The face of an Oklahoma town changes
The following was written by Oklahoma Watch’s Graham Lee Brewer
Millions across the nation are still having trouble finding work. But the growing town of Guymon, OK is different. There are more jobs than people to fill them. The burgeoning Hispanic population is responsible for not only the upturn, but the changing face of the agricultural town.
Driving in her car along downtown, Director of Main Street Guymon Melyn Johnson says Main St. is busy, and many of the businesses are Hispanic owned and operated. She repeats the opinion of many in town, that the influx of Hispanic immigrants over the last two decades has created an economic boom.
“If the building owners want to rent them, they’re full. I’m going to guess that half of those businesses are Hispanic. It’s pretty representative of our population.”
Recent prosperity in the panhandle’s largest town doesn’t stop at Main Street. A new fire station and animal shelter are currently under construction, and ground just broke for a the new library. The motels are full, and available houses are bought up quickly.
Ask just about anyone in town, and they’ll tell you life didn’t always move so fast. In fact, just twenty years ago Guymon was shrinking. Ask those same people what was the game changer and they’ll tell you, “Seaboard. I probably wouldn’t have a job if Seaboard hadn’t come in.” said Vicki Ayres-McCunne, Community and Economic Developer for the City of Guymon. She says that before Seaboard Foods decided to build a large pork processing plant in town in 1994, there wasn’t much of Guymon left.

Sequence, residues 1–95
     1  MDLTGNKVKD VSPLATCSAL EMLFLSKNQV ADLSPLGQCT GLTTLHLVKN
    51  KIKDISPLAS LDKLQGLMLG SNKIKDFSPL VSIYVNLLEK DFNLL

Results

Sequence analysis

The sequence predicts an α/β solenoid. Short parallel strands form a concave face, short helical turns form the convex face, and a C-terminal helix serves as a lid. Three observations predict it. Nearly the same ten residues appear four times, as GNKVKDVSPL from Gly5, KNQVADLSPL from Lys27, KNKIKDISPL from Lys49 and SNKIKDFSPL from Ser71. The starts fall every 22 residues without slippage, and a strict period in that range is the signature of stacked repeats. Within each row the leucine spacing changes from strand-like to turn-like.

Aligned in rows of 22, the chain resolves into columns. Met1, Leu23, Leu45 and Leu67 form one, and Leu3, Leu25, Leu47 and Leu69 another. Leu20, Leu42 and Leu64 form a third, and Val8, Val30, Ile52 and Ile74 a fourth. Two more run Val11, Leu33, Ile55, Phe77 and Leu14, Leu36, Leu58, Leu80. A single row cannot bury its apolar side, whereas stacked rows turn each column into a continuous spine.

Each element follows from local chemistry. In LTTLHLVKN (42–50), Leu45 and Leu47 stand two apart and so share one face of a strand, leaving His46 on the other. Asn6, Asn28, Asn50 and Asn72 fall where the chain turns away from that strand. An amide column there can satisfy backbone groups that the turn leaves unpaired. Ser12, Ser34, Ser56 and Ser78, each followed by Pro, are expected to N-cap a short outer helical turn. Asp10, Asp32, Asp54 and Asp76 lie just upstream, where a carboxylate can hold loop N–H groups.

“The population was around 6,000 and dwindling,” McCunne said. “Main Street was nearly dried up. People just don’t understand how bad things were prior to Seaboard coming in.”
According to the 2010 Census, Guymon’s population is just above 11,000, 52 percent of which are of Hispanic origin. While McCunne and her colleagues agree Hispanics are now the majority, they’ve challenged the overall population numbers.
“We knew in our hearts and our guts that was wrong. We believe based on our residential meters, not including apartments, we’re closer to the 14,000 range.”
There are also migrant and undocumented workers to take into account. It’s unlikely that either group was well represented in the population estimates. After several weeks of correspondence, Seaboard Foods declined to answer any questions about the demographics of their workers or the rates they are paid. Requests for a tour were also declined. Last week Seaboard Foods publicly acknowledged that Immigration and Custom Enforcement seized documents from their Guymon plant as part of an ongoing investigation. Neither Seaboard or ICE is commenting any further.
Despite the scrutiny Guymon plugs along, creating jobs and expanding. Vicki Ayres-McCunne sees the trend continuing. She says, despite the sluggish economy, over a dozen other companies are currently looking into expanding there.
“Those companies are looking at bringing 300 to 500 jobs within the next year. Just about every business in Guymon could use 3 to 4 employees. I’m just so blessed and thankful that I’m living in Guymon Oklahoma.”
But, even with Guymon’s success, for many in town the transition from an overwhelmingly white population to majority Hispanic hasn’t been an easy one. Melyn Johnson recognized those tensions then and now.
“There’s a bunch of people that are stuck in the mud. They don’t like what’s being done at the school, they don’t like what’s being done anywhere, and that’s their business,” Johnson said. “But, most people have come to realize where other towns are dying, we’re alive and well.”
We’ll take a look at the tensions that surfaced, as well as those that continue to linger, in part two of our look at Guymon, OK. That’s tomorrow hear at KOSU, online and on air, at 6:35 and 8:35 AM.